For 45 years now, the Palestinian people have been subjected to occupation by Israel in the Gaza Strip and the West Bank, including East Jerusalem. For the last ten of those years, they have had to cope, in the West Bank and East Jerusalem, with a wall built by Israel that has served to entrench the occupation. The International Court of Justice was more than a little prophetic when it said in 2004 that the wall threatened the self-determination of the Palestinian people. The wall protects Israeli settlements, which have mushroomed in the ensuing years.
The International Court of Justice (ICJ) made that statement in the course of a formal opinion on the legal consequences of the construction of the wall, issued at the request of the UN General Assembly. In no uncertain terms, the Court said that the wall must come down. A threat to self-determination was seen in separating off a sector of the West Bank in territory contiguous with that of Israel. In particular, the path of the wall included some Israeli settlements on the western side. A threat to self-determination was also seen in the destruction of the Palestinian economy and the fabric of Palestinian society, which may in fact be the main purpose of the wall. One segment of West Bank Palestinians became caged in the area between the wall and the Green line. Farmers were separated from their fields and children from their schools. The sick were separated from hospitals.
The Court applied several propositions of law that are important even beyond the issue of the wall itself. The Court used the law of belligerent occupation. The Israeli Government increasingly, but unconvincingly, questions whether the West Bank is under belligerent occupation, which requires that the "civic life" of the population be protected. On this, the Israeli Government is strangely at odds with Israel's own Supreme Court, which agrees with the International Court of Justice that Israel must conform to the requirements of belligerent occupation.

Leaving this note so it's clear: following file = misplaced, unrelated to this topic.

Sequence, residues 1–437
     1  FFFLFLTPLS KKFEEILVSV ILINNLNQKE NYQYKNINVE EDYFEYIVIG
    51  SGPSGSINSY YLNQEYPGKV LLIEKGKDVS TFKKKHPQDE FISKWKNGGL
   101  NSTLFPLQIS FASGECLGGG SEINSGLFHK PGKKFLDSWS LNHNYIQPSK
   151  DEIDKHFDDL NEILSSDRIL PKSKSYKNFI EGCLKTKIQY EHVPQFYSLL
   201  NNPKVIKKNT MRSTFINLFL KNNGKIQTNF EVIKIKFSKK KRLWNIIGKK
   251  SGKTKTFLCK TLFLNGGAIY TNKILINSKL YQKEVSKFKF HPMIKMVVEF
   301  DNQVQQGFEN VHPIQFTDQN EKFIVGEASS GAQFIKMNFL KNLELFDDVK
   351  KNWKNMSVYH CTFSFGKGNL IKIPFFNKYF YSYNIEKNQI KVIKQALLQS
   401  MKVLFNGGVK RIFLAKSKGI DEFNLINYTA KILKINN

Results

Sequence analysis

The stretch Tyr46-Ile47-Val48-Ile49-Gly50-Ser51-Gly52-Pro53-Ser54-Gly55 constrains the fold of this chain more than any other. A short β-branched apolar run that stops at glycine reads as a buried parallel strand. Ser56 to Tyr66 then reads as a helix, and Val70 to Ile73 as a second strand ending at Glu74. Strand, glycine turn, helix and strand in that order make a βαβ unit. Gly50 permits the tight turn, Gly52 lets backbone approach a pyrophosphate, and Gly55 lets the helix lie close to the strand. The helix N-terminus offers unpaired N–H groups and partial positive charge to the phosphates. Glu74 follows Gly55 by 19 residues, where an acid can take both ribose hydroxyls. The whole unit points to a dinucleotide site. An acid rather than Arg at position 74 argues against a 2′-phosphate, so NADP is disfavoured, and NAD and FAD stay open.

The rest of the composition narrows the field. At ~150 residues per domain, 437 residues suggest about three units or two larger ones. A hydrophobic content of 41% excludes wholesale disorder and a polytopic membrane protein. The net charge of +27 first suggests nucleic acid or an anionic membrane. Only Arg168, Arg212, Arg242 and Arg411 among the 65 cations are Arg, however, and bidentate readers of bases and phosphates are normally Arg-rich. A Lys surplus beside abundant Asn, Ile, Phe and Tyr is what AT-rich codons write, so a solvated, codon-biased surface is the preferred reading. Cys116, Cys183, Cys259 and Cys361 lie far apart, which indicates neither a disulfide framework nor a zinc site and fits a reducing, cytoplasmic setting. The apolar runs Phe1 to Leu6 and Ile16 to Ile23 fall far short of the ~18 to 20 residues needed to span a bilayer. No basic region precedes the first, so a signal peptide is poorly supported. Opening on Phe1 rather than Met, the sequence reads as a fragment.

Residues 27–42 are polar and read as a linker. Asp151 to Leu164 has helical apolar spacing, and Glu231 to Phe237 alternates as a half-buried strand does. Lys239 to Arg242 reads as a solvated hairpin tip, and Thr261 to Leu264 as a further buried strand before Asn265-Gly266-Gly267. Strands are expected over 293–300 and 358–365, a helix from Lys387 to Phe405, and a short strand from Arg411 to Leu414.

And contrary to the view of the Israeli Government, the ICJ said that human rights obligations that Israel has undertaken by treaty apply to what Israel does in the West Bank. The Israeli Government has tried unsuccessfully to convince human rights monitoring bodies that treaties like the International Covenant on Civil and Political Rights and the Convention on the Rights of the Child apply only in the territory of Israel itself. The ICJ found violations of human rights obligations in the wall construction.
The ICJ's opinion is dismissed by the Israeli Government on the grounds that it is only "advisory," therefore not binding. This is technically true. Israel has taken care not to subject itself to the jurisdiction of the Court in a way that would allow other states to sue it over what it does in the West Bank. The Court's decision could be issued only via another route, a request by the UN General Assembly for an advisory opinion. While the decision does not bind Israel in a formal sense, it reflects the opinion of the world's leading judicial body that the law requires the dismantling of the wall.
The Court was not asked broader questions, like the legality of the occupation itself, or whether Israel has any lawful basis for its military presence in the West Bank. The answers could only have been devastating to the Israeli Government and to its ally, the United States. Since June 5, 1967, the United States has concealed its knowledge that Israel attacked Egypt on that day with no legal cause. In the war that followed, Israel seized the West Bank when Jordan came to Egypt's defense. Israel's control of the West Bank is thus the product of aggression.
The Court did not go into the details of what happened in 1967. But it did say that sovereignty may not be acquired when territory is taken by military force. It quoted the UN Charter provision against aggression.
The sorry aftermath of the Court's issuance of its 2004 opinion is that the international community has not forced Israel to comply. A few segments of the wall have been found illegal by the Israeli Supreme Court, but most of the wall stands. The General Assembly's purpose in seeking the opinion was to guide the United Nations on how to deal with the construction. To date, the United Nations has done little, largely because the United States, as a permanent member of the UN Security Council, obstructs any constructive action.
The Security Council is required under the UN Charter to deal with breaches of the peace. That was the principal plank of the UN Charter when it was drafted in 1945. But with respect to the 1967 war and the resulting occupations, the Security Council continues to sit on its collective hands. Were the international community to fulfill its responsibilities as specified by the International Court of Justice, we would be a step closer to peace.